General Research Notes

August 1, 2022

During the course of the research that I’m conducting, I’ve come across several different terms and expressions within original source text(s) that I’ve had to look up. As times change, so do spelling and translations, so I’m doing my best to assertain the meanings of the original text(s) in order to more accurately reproduce the original effects. Below are the terms that I’ve had to look up, along with the resources that I’ve used to draw my conclusions and/or assumptions.


“the berries of walworte”1

When I looked up “walworte”, I found an entry2 specifying that it was an “herbe; Ebulus”. This would lead me to find that the entry was referring to dwarf elderberry3.

“roche alome”1

Also found a more complete translation5 of “alum en roque, alun de roche” from Middle French, both thought to be referring to rock alum. This would appear to fit the parameters that I found the term utilized in, since the original translation was from French to English.


Contexturally, I believe this term to be used in place of “left overs”. In reading through the available definitions of lees5, I did note an entry that indicated a reference to sediment in liquids, particularly from wine. In reading through the works of Pliny the Elder however, there is loose reference to lees and vinegar as if some instances utilize the terms interchangably.

“baye salt”1

I believe this to be a reference to sea salt. In looking up the definition of this particular adjusted spelling5, I do see references that would reinforce this idea.


I believe this is referring to the paint type mixture made with red ochre4. If this is the case, it looks as though it is based on hematite or iron oxide. Should the latter be the case, I would presume that this is referring to rust-based pigment.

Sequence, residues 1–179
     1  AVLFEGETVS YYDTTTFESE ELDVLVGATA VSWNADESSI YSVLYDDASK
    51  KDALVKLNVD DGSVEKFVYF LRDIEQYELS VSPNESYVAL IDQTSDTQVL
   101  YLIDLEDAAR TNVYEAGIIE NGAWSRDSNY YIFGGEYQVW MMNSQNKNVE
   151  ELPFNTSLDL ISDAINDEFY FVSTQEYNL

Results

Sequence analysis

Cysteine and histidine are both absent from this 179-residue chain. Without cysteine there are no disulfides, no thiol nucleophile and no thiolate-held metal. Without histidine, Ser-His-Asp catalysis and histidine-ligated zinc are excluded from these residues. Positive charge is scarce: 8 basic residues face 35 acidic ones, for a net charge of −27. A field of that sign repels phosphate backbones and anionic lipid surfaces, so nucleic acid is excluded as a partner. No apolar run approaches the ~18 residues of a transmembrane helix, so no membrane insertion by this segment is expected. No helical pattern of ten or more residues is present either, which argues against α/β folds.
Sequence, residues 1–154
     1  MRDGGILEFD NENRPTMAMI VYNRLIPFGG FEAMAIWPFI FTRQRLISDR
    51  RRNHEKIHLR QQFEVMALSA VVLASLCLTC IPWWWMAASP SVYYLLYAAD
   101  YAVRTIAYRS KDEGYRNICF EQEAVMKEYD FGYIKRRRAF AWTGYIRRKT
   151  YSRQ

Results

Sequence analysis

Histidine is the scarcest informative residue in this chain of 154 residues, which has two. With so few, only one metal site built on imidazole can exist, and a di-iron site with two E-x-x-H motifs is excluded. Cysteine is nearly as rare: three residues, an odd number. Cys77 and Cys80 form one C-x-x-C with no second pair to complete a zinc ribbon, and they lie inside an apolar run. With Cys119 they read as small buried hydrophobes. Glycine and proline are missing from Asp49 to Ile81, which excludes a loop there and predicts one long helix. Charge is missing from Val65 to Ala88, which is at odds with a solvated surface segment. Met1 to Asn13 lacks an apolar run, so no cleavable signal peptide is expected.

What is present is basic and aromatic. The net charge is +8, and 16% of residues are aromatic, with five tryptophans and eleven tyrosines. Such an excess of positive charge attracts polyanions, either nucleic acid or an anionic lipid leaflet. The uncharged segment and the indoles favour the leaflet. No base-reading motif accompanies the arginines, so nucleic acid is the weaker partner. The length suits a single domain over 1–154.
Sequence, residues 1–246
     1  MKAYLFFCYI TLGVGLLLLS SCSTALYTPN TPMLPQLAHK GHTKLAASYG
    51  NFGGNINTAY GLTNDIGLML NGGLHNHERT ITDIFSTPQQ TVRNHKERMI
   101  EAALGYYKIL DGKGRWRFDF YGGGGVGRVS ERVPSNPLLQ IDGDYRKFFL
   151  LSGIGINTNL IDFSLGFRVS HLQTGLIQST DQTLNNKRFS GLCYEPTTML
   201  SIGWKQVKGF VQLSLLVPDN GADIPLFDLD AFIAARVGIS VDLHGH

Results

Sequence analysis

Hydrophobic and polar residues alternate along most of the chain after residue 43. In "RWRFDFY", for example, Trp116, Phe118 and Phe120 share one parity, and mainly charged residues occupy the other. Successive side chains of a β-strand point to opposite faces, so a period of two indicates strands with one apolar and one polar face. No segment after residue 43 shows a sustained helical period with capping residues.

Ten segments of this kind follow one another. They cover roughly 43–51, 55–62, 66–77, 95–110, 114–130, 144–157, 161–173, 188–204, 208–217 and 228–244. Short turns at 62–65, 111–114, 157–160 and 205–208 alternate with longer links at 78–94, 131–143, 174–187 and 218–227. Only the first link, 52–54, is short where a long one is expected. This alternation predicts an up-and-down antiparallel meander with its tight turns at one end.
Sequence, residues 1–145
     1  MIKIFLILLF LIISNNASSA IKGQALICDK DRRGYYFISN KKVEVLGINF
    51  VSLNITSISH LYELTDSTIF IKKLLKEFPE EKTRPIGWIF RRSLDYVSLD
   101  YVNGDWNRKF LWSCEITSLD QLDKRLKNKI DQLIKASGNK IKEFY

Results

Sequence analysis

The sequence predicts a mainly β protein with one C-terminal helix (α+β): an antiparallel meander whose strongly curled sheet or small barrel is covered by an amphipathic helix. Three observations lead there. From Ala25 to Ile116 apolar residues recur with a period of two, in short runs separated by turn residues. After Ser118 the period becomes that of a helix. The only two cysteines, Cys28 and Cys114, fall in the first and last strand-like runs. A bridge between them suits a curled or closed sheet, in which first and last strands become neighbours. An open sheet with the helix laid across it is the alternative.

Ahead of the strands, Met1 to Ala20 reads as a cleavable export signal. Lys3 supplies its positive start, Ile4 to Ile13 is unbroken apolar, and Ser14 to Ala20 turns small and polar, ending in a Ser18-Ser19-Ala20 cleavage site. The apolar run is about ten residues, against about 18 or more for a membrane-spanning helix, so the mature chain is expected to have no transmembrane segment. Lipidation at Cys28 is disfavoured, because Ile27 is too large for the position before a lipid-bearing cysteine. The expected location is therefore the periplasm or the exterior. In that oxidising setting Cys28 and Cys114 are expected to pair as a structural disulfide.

What I assume this to be referencing is brazilwood since it has a very dense oarangish red hue to it, but I will have to do some more looking around. I make this assumption after seeing shavings on the floor after seeing some turned on a lathe.

“Rubia Tinctorum”1

This refers to madder2, the roots can be dried and used to make a very deep red dye. From my understanding, the leaves might also be used, but the roots give the best tincture7.

Notes on Common Practices

During the course of the research that I’m conducting, I’ve come across several different processes that appear to be consistent when working with leather in general. The following information is intended to be a reference point for myself and others in conjunction with the other information that I’m posting during my research.

“then scrape out that water with the back of a knife”1

The first time that I read this, it sounded odd to reference a knife in the wringing of the skin. I mean really, really odd. Odd enough that I had to take some time and really think about what the point was in this process. It also prompted me to do some experimentation in general with the scraping of the back of a knife on a piece of leather.